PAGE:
The Forgotten Town Sold off to The Chinese
Capitalism abhors a vacuum. While the Serbian government has no interest in an ore mine in the Eastern Serbian town of Majdanpek, the Chinese are certainly willing to move in. Once a booming town with jobs for everyone, its people have been severely let down by the government and the unions, still paying the mortgage on flats they claim were bought for the price of a pack of cigarettes.
Directing duo Eluned Zoë Aiano and Alesandra Tatić follow the residents of this town as they adapt to this news and campaign for their rights in the excellent Competition entry Flotacija (2023, above), both an excellent evocation of the harmful effects of extractive capitalism and a lovely fly-on-the-wall documentary about the resilience of Majdanpek’s residents, who may grumble and complain about being left behind, but certainly know how to laugh and joke and have a good time regardless.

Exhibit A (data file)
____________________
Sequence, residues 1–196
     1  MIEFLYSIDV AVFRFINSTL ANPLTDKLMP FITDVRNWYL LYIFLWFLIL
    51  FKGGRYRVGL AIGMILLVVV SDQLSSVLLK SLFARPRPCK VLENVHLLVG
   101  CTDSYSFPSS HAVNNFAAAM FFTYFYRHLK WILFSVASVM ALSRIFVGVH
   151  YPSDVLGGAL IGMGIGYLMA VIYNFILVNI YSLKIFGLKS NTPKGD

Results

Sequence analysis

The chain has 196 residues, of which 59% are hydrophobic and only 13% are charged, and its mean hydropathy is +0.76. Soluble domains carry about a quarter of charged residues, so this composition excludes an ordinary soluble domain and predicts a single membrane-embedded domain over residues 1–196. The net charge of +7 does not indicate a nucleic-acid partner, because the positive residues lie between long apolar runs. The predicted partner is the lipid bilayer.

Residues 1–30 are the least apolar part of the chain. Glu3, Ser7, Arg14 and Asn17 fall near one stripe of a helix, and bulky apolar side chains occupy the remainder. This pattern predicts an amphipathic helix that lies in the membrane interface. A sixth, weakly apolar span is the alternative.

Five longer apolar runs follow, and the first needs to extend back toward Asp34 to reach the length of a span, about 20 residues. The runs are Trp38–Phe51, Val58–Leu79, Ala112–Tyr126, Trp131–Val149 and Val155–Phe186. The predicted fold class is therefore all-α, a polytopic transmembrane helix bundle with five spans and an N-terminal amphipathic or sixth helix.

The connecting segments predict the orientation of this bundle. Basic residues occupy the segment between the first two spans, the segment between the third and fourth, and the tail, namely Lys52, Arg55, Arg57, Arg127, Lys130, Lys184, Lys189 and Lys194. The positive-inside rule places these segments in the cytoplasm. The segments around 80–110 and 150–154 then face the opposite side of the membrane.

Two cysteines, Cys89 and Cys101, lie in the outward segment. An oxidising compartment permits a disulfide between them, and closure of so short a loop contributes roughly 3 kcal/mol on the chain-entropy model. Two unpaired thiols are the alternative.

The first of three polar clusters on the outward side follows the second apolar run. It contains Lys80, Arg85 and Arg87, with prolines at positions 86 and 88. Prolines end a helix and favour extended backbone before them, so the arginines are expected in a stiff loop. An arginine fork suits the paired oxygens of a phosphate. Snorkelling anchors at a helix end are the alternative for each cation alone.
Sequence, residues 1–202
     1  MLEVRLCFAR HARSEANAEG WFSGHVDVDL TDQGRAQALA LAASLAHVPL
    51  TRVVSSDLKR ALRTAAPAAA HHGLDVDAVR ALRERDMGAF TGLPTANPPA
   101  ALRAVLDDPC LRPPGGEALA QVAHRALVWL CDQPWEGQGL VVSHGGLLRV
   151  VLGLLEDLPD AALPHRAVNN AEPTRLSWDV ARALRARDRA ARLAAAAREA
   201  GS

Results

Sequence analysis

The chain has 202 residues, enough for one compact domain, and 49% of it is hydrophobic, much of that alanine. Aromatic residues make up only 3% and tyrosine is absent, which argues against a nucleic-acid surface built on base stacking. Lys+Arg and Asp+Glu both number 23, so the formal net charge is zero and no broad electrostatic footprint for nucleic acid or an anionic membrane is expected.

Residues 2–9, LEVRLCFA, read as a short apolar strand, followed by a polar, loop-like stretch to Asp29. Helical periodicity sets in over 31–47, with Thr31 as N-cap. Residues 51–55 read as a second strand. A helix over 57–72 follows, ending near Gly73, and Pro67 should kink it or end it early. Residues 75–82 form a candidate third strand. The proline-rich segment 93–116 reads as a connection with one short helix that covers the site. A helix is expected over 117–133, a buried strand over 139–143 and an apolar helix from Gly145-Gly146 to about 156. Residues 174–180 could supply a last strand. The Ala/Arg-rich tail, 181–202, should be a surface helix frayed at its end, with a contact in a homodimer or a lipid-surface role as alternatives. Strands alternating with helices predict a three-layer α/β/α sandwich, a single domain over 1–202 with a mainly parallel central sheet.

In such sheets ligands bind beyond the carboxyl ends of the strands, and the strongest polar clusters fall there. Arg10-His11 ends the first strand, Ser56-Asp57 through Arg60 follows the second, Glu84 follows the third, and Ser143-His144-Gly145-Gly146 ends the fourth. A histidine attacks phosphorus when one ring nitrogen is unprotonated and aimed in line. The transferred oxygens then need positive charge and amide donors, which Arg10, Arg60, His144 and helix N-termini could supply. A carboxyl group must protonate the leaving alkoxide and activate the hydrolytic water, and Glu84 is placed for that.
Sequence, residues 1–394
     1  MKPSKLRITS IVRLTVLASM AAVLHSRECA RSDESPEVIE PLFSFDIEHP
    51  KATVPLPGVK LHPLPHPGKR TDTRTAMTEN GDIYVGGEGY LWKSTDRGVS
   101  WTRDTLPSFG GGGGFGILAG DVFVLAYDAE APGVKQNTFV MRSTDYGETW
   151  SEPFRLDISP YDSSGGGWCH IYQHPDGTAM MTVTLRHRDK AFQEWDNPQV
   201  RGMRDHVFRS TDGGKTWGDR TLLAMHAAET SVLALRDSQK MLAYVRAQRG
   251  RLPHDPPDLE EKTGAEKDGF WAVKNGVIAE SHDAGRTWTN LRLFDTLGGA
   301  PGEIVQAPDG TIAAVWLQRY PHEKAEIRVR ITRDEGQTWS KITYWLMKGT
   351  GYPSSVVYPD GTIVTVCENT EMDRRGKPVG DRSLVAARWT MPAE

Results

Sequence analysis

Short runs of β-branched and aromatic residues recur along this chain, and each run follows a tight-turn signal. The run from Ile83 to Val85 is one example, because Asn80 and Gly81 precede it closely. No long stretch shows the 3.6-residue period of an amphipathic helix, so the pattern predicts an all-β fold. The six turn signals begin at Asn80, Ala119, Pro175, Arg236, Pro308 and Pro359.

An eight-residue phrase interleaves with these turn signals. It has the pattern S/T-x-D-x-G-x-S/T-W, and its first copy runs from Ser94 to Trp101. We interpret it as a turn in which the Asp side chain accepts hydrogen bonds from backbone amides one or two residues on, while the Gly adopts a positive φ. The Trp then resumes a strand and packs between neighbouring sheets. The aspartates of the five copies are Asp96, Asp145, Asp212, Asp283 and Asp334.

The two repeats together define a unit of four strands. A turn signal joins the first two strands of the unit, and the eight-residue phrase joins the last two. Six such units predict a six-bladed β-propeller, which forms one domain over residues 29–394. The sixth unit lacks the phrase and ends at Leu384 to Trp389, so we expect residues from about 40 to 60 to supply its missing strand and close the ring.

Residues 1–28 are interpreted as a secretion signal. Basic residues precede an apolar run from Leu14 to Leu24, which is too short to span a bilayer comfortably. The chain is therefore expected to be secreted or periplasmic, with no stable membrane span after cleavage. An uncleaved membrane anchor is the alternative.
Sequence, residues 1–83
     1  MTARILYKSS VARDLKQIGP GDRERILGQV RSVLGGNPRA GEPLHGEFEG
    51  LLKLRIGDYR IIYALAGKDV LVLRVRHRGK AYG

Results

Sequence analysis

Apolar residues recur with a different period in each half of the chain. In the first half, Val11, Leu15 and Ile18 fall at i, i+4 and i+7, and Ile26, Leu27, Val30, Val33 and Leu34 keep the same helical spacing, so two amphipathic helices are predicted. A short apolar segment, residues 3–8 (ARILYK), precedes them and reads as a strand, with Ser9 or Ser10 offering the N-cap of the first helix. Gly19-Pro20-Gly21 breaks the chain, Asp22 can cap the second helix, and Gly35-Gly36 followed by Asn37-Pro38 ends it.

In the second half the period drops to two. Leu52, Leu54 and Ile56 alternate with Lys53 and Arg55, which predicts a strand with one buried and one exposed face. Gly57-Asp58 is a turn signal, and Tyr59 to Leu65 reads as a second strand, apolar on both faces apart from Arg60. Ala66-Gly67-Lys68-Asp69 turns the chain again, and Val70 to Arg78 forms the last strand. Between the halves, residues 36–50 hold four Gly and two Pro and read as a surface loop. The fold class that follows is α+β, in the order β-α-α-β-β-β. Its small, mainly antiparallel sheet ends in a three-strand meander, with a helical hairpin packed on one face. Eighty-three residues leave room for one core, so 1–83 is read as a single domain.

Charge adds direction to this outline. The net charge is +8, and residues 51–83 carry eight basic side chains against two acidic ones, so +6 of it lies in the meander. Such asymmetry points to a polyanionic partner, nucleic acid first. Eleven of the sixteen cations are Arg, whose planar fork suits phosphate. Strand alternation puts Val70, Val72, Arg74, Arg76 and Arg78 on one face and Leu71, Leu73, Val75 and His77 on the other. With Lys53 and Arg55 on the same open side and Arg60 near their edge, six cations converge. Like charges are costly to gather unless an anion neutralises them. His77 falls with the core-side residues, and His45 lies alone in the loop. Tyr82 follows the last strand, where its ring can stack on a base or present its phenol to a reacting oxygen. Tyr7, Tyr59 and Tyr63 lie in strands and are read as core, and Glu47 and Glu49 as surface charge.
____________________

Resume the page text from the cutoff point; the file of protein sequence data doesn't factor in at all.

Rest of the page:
The city is certainly rough and ready, but it has a compelling mystery and charm. We start with ex-miner Dragan Markovic stalking the nearby forests, setting small fires inside trees to ward dragons away. He says that you can spot dragon blood on the trees, and that dragons must be purged for the good of the people. He is the last in the line of dragon hunters. We assume the Chinese will not carry on this tradition.
His sister Desa is the widow of a union leader; she is simultaneously the beating heart of the project and its joker, as quick with a lament as she is with a joke. While there are many naturalist elements throughout this documentary, Desa has an almost maternal relationship with the two young female filmmakers, telling them where to film and what to focus on. She’s joined by her own children, unable to find work in a town abandoned by Vučić and his fellow cronies.